The most satisfying aspect of Spiritual Instinct is that it fixes the most glaring faults of the previous records, most notably the stultifying repetition and melodic void of Kodama, but at the same time positions itself as a record that occupies a logical and progressive position in the band’s discography, repurposing some of the more promising elements of those albums in a more productive context, shedding a dazzling new light on some of the ideas that the band had been experimenting with. Rather than cravenly appearing to construct the pretence that Shelter and Kodama simply did not exist, a tactic not completely alien to a heavy music scene that still remembers the mid-period Destruction albums, not to mention Mötley Crüe’s ill-advised grunge phase, Alcest’s sixth album seems to reconstruct what came before from hazy, rose-tinted memories of a now-distant past, omitting the parts that add nothing, and bring no joy, and then building new structures around the solid core that remains, un-corroded by the passage of time.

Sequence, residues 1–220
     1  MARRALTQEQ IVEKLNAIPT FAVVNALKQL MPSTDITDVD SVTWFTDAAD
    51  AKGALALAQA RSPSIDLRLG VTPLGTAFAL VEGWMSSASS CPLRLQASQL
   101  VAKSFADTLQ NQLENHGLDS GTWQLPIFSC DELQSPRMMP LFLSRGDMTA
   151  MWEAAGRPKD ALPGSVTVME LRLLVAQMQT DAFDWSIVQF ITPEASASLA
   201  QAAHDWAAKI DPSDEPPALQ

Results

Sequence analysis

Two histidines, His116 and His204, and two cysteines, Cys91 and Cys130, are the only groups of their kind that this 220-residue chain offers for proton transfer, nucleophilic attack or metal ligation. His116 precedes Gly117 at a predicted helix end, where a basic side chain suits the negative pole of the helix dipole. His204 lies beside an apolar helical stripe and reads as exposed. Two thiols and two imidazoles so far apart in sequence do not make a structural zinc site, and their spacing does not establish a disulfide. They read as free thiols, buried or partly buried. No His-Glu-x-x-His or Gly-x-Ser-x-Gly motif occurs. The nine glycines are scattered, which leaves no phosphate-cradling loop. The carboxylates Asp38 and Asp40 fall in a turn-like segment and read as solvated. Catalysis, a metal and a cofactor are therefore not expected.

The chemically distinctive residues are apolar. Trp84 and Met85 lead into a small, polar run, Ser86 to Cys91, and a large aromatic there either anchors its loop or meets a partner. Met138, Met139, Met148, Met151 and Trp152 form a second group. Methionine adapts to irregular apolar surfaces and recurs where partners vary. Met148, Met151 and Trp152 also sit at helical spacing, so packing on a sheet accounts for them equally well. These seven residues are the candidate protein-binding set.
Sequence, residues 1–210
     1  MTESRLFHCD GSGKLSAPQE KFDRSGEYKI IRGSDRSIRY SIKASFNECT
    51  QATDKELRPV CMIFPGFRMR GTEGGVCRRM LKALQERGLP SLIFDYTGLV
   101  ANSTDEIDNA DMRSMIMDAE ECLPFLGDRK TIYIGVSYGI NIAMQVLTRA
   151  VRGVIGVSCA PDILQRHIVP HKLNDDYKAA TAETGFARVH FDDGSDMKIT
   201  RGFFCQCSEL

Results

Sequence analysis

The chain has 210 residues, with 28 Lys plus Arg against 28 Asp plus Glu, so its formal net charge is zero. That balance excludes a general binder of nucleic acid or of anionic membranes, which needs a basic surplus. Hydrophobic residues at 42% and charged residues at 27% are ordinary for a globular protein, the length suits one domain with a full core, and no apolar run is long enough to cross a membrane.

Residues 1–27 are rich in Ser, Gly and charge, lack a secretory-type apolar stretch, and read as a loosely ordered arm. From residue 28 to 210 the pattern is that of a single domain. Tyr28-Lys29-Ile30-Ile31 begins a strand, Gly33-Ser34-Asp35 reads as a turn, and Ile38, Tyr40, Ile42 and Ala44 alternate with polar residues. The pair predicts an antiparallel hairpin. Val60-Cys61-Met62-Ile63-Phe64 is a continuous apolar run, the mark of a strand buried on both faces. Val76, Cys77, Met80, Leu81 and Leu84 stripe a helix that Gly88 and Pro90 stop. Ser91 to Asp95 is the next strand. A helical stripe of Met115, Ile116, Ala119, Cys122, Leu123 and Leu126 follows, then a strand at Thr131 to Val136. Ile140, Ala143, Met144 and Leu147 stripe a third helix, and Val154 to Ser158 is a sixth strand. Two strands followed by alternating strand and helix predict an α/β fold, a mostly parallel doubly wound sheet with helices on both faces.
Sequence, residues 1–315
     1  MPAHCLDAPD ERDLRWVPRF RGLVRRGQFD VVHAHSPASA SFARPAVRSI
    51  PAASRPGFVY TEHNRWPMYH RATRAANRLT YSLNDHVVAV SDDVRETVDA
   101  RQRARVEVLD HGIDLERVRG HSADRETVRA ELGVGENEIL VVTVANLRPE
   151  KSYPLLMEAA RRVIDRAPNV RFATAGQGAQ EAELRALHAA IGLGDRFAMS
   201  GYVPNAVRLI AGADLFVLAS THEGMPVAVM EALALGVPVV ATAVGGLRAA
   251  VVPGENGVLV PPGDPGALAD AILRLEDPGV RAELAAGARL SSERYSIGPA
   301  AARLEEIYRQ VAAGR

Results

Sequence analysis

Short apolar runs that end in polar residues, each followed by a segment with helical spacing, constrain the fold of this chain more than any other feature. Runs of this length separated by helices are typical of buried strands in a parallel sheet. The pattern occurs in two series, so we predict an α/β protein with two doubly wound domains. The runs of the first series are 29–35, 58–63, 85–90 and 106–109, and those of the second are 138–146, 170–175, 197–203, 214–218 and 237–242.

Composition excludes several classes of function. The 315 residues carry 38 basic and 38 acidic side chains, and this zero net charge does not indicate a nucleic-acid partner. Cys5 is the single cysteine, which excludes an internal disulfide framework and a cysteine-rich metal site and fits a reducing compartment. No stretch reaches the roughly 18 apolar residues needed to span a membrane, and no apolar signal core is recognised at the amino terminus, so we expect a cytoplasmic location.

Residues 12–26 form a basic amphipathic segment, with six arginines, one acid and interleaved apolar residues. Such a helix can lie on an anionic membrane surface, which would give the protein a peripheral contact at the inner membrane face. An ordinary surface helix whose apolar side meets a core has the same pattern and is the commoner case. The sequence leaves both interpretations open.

While much of Spiritual Instinct feels reassuringly familiar, Neige also assimilates and integrates new ideas more effectively and seamlessly than ever before. The clanging bassline and booming, almost ritualist toms of the post-punk opening to ‘Les Jardins De Minuit’ suggests that Killing Joke, Joy Division and even Big Black have been added to the band’s playlist, alongside the usual touchpoints of Smashing Pumpkins, Slowdive and 90s black metal, and it lends Alcest’s sound an almost palpable heft and weight that is novel, but not unwelcome. This anchors them a little more in the human realm; the light and airy sound of the early records that allowed them to float untethered into Neige’s fairy world having been replaced by something more dense, but at this point in the band’s career, the setting aside of childish things in favour of grappling with something more existential seems appropriate and suitably mature. In a strong portent for the rest of the album, these new ideas are then proven to combine perfectly with something that could be found on any Alcest album. As the track explodes into life, a cold tremolo riff uncoils like a spring released from a slowly compressing vice, and Alcest are transformed temporarily into the black metal that they once were, before Neige realised that it was possible to employ black metal devices in a way that preserves some of the feeling and character of the genre, even if it is sonically far removed from Immortal, or Darkthrone. In this way, Spiritual Instinct immediately offers an unforgettable passage of music, the first of many on an album that is as well-stocked with hooks as Kodama was bereft. The shades of Johnny Marr’s guitar work in The Smiths that peppered the band’s early work also return here, as Alcest alternate between their familiar minor keys and snatches of major arpeggios, the overall effect dazzling, as shards of unexpected light penetrate the gloom, suggesting the hope of distant salvation moving closer, little by little.